Skimming through a report on Japan's food trends by the USDA FAS, I had to chuckle at the headline "“Japanese wine: not as bad as you think.”
That is setting the bar low, isn't it? Maybe we should try that for promoting vegetable consumption to kids: "Asparagus: not as bad as you think!"
Checking in with a few sources yesterday on reaction to the IFT report on food traceability projects, and I will unpack some of those interviews this week
Here are a couple of quotes from a news release from PTI:
“The produce industry has been looking forward to these traceability recommendations to make sure that we can move confidently with the traceability best practices that we have collectively developed in the PTI,” said Mike Agostini, Senior Director, Produce, Wal-Mart Stores, co-chair of the PTI Leadership Council. “Our industry community is excited to have the opportunity to delve into the details of the report and provide feedback to FDA.”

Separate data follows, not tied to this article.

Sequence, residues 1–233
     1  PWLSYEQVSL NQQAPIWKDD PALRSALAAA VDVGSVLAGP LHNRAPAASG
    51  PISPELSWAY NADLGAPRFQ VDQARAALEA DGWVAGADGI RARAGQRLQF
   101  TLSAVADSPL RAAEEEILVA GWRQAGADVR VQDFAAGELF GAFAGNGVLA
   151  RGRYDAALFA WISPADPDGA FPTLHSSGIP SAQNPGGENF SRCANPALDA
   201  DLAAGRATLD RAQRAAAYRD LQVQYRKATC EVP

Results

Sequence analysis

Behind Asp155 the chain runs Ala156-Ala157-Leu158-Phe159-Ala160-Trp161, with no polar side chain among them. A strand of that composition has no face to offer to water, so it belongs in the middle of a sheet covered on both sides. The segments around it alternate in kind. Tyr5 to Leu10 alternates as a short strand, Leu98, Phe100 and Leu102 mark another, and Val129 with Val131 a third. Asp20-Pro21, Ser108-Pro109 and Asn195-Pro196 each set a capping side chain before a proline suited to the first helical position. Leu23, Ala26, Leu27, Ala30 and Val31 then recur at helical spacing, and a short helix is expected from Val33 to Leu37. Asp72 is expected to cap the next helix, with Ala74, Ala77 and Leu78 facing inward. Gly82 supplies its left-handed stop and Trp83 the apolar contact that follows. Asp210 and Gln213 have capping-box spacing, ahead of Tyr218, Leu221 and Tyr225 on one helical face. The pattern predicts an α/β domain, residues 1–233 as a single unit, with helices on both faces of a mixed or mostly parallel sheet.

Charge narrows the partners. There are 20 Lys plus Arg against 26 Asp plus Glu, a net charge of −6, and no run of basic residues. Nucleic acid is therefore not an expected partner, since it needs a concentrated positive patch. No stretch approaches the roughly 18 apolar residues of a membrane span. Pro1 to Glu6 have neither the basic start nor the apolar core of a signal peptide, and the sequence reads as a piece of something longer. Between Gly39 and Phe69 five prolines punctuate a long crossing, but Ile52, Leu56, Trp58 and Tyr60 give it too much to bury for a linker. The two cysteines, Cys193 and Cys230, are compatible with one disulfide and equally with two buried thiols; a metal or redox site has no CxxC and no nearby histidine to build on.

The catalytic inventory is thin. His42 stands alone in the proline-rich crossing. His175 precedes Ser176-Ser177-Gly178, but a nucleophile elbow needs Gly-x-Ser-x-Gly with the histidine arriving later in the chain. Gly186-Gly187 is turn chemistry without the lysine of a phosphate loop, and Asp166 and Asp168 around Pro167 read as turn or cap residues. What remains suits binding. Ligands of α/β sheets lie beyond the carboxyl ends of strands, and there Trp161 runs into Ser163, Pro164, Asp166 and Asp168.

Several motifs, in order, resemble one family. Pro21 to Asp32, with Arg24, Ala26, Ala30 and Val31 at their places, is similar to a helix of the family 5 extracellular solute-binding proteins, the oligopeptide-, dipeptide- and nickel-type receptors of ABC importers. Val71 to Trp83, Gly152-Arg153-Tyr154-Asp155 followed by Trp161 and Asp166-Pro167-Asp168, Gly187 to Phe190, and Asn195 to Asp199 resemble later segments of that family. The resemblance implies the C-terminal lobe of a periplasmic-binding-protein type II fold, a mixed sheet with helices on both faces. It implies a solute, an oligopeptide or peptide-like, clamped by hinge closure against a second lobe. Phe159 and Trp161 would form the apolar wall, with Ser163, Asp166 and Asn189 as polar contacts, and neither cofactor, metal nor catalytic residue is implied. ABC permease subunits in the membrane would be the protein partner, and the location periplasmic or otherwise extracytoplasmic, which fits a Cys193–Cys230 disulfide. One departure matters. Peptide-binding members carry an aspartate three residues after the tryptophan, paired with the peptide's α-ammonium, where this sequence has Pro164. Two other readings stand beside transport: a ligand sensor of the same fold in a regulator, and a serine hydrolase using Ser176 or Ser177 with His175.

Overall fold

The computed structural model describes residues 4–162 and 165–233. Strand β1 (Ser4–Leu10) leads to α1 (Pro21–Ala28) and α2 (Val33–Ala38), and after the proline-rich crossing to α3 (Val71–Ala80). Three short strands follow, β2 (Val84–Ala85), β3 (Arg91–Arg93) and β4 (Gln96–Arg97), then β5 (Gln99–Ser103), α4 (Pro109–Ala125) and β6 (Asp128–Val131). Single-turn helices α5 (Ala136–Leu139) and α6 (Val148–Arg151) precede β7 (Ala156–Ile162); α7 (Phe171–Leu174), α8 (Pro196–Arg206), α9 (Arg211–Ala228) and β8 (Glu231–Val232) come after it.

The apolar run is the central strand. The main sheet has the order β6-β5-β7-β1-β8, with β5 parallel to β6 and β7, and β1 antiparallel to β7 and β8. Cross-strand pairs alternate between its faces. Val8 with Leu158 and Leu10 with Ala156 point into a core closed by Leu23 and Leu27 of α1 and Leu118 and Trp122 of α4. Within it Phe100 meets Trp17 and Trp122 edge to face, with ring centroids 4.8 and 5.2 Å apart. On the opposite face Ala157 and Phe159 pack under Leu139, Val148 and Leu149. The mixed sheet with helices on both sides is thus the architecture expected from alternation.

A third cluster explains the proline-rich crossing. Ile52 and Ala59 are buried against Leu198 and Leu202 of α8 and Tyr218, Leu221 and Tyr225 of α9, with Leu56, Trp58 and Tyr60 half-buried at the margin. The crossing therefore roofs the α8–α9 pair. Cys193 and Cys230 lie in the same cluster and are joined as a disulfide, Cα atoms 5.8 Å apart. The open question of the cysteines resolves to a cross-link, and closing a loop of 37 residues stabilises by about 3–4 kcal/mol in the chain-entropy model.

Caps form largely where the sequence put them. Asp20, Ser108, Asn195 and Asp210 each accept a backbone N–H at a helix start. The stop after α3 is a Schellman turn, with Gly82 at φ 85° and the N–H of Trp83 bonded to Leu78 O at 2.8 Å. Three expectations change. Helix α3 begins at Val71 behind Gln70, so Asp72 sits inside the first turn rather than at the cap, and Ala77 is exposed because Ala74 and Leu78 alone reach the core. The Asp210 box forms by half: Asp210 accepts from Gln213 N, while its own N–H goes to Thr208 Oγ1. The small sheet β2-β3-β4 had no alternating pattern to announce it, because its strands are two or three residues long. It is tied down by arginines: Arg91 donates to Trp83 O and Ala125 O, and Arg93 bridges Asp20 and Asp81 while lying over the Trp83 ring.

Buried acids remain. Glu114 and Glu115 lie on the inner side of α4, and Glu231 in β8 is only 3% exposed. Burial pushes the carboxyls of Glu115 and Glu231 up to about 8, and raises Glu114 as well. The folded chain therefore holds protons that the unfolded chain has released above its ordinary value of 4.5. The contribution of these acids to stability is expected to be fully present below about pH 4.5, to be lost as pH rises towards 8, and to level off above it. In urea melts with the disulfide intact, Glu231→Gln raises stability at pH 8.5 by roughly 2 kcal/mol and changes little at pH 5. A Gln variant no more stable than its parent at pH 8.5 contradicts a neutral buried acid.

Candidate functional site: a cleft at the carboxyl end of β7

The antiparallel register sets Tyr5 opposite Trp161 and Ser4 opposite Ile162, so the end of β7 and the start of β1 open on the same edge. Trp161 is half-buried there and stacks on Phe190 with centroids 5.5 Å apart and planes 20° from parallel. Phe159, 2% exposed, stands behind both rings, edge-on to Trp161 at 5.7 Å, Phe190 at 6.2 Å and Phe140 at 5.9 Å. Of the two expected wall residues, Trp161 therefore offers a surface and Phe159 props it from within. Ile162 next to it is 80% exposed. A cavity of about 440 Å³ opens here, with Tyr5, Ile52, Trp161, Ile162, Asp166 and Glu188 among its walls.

The pilot projects were designed to explore and demonstrate methods for rapid and effective tracking and tracing of food, including types of data that are useful for tracing and ways to connect the various points in the supply chain.
“Many of us in the grower/packer/shipper community are pleased to see that the IFT recommends a uniform set of recordkeeping requirements, encourages current industry-led initiatives, and suggests the development of standardized electronic mechanisms for the reporting of traceability data,” said Sabrina Pokomandy, Marketing and Public Relations Manager at JemD Farms, who also co-chairs the PTI Communications Working Group. “These recommendations are in alignment with the goals and vision of PTI and help us move forward with industry-wide traceability implementations.”
Also big news on the tomato suspension agreement; looks like the status quo compared with the draft agreement released in early February. So far, a placid response from Mexico and no rancor from Florida, either, upon news of the finalized agreement.
Looks like the Environmental Working Group still isn't worried about its relationship with farmers. An official with the EWG said on Bloomberg TV that growers were "praying for drought, not praying for rain." Here is a a well-done video rebuttal from the National Crop Insurance Services.
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